Afghan forces rally to recapture city of Kunduz from Taliban

People described cowering in their homes as shrapnel flew and rockets crashed down

Afghan military personnel walk near the airport during fighting between Taliban militants and Afghan security forces in Kunduz. Photograph: Wakil Kohsar/AFP/Getty Images

Afghan military personnel walk near the airport during fighting between Taliban militants and Afghan security forces in Kunduz. Photograph: Wakil Kohsar/AFP/Getty Images

 

Afghan government forces on Thursday rallied for the first time to try to retake the city of Kunduz from Taliban fighters, engaging in heavy fighting near the city centre, residents and government officials said.

After nightfall, however, witnesses said the battle for the city was still undecided. People caught in the city described cowering in their homes as shrapnel flew, and the occasional mortar shell or rocket crashed down.

Despite the long-awaited response by government forces in Kunduz, it was not enough to reassure civilians in neighbouring provinces, as the outlines of a potential broad Taliban offensive across northern Afghanistan became clearer. Some in the nearby provincial capitals Pul-e-Kumri, in Baghlan province south of Kunduz, and Taliqan in Takhar province, to the east said they were preparing to leave rather than risk being trapped in a Taliban assault.

In Takhar, people were further unnerved by reports that a northern district of the province had fallen to the Taliban on Thursday morning. “People are in a state of fear here,” said Ahmad Khalid, a resident of Kunduz who had fled to Taliqan on Thursday. He said that as he walked around the city, he kept seeing other Kunduz residents who had sought refuge. But Takhar residents were talking about getting out. “The people in Takhar are also preparing to leave. They fear this city will fall more easily than Kunduz.”

The prospect of a domino effect in the country’s northeast with villages, districts and potentially another provincial capital falling under Taliban control was worrying Western military strategists as well. They believe that the longer the Taliban can stave off a decisive counteroffensive by the government, the more momentum the insurgents will gain.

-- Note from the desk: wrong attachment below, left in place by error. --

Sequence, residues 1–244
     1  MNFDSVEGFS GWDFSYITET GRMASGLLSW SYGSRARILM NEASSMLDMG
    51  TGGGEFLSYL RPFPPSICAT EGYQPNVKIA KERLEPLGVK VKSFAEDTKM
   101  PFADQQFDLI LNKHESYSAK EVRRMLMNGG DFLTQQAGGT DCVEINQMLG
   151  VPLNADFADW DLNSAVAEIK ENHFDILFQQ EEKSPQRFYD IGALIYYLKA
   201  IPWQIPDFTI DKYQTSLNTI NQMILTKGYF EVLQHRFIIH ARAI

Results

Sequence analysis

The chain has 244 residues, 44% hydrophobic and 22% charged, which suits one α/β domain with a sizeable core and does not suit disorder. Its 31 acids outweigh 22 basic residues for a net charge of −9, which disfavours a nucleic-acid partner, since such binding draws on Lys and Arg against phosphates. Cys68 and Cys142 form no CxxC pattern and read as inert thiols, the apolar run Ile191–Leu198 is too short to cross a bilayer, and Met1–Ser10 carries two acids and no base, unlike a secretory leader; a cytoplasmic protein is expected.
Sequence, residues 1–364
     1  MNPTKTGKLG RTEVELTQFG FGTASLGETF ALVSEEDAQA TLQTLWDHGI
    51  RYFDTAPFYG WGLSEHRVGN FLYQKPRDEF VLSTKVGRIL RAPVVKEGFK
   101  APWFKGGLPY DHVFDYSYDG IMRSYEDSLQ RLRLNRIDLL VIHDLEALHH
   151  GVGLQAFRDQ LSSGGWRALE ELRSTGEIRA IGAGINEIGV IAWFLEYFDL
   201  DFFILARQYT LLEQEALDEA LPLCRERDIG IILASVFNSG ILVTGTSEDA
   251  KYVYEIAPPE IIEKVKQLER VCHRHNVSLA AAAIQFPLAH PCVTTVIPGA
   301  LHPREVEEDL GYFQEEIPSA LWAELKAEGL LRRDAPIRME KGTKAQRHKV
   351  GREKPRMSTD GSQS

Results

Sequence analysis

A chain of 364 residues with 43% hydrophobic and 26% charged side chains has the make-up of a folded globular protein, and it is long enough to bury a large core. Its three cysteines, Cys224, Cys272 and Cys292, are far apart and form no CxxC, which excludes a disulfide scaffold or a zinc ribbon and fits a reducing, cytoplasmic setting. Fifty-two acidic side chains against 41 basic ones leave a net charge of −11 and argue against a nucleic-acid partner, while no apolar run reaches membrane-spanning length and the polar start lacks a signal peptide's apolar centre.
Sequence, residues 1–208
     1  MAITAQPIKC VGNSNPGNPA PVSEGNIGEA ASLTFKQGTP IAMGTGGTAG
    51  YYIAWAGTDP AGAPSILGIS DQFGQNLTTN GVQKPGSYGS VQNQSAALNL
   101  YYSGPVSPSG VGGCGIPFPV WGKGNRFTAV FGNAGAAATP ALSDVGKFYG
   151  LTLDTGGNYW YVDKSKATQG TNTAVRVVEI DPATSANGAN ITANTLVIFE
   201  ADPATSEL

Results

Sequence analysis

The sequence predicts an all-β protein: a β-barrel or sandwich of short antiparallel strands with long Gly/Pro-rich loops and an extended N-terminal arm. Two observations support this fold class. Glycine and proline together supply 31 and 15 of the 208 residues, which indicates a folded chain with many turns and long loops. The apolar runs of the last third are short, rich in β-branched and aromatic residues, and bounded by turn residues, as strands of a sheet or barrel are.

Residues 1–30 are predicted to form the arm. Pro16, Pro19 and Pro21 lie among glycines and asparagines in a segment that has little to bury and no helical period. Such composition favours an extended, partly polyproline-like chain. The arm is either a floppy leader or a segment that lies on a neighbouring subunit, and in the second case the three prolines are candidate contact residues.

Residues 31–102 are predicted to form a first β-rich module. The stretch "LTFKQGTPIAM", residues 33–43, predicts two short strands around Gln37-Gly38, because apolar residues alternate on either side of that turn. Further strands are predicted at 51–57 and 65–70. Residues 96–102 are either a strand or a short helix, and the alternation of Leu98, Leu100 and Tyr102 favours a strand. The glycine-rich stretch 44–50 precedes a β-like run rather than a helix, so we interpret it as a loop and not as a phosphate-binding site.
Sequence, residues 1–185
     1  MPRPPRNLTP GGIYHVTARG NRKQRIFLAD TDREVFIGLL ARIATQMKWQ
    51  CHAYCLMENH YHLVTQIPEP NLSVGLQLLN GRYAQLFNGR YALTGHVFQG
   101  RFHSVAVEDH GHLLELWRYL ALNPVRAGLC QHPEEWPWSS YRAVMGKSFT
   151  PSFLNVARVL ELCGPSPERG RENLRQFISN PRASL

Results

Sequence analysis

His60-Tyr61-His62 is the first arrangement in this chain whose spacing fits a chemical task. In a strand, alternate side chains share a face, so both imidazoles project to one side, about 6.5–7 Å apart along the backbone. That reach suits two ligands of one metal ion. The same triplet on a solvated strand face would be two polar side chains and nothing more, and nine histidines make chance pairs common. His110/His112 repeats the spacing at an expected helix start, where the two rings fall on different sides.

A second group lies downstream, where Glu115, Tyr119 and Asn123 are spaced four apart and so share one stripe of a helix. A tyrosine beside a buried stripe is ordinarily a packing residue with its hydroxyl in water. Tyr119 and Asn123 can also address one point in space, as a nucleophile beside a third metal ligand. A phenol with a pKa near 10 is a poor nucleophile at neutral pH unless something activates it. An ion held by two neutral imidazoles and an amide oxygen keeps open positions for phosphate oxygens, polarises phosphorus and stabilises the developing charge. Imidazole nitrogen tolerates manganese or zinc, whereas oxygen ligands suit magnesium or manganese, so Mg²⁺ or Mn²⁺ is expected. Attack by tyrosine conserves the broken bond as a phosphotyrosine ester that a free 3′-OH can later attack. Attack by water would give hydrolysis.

In Washington, senior Pentagon and other US government officials confirmed Thursday that Kunduz had not yet been fully reclaimed from the Taliban, and expressed frustration and bewilderment at what they said was a slow, disjointed effort to carry out an effective counterattack.

The US official acknowledged the similarities with the sudden Islamic State offensive in northern and western Iraq last year, when the Iraqi security forces in Mosul and other spots melted away despite vastly outnumbering the attackers. “If the Afghans don’t check things really fast, it has the potential to be like Mosul,” the official said.

The Taliban interest in Kunduz and Takhar has its roots not only in the movement’s decades-long presence in the region, but also in economics. The roads through both provinces lead across the Amu Darya river to Tajikistan, making them some of the country’s most lucrative drug routes. They are used by traffickers moving opium from the poppy prolific provinces in the south to Tajikistan and on to Kyrgyzstan from which the opium or heroin finds its way across Central Asia and to Russia and Europe. Whoever controls the roads, gets to take a cut, and the Taliban have long financed themselves in part through poppy production.

A second benefit is the rich agricultural land in Kunduz and Takhar, which if they controlled the province they can use both as a source of income by taxing the farmers’ harvest and use to sustain themselves even if they were unable to readily obtain goods from the rest of the country.

“Last year in February and March we decided that the military struggle in the south had made no significant gains,” said commander Hajji Qadir, a Taliban commander in a district of Badakhshan province, Waduj, that fell to the insurgents on Thursday. “Therefore military offensives should begin in the northern region, particularly the four northeastern provinces,” he said, adding that they appeared “strategic and valuable.”

Even if the Taliban are forced to withdraw from the city of Kunduz, this recent show of strength will only make it that much easier for them to levy a share of the local commerce be that wheat or drug trafficking. By the day’s end it was hard to say that either the government or the Taliban controlled Kunduz, but the government appeared to be making headway.

Whether they would hold the ground through the night unless reinforcements arrived was not clear. To the south, a large group of Afghan soldiers who had set out days ago to help reinforce Kunduz remained mostly stuck in northern Baghlan province, advancing painstakingly slowly as they were frequently halted by Taliban ambushes and roadblocks, officials said.

New York Times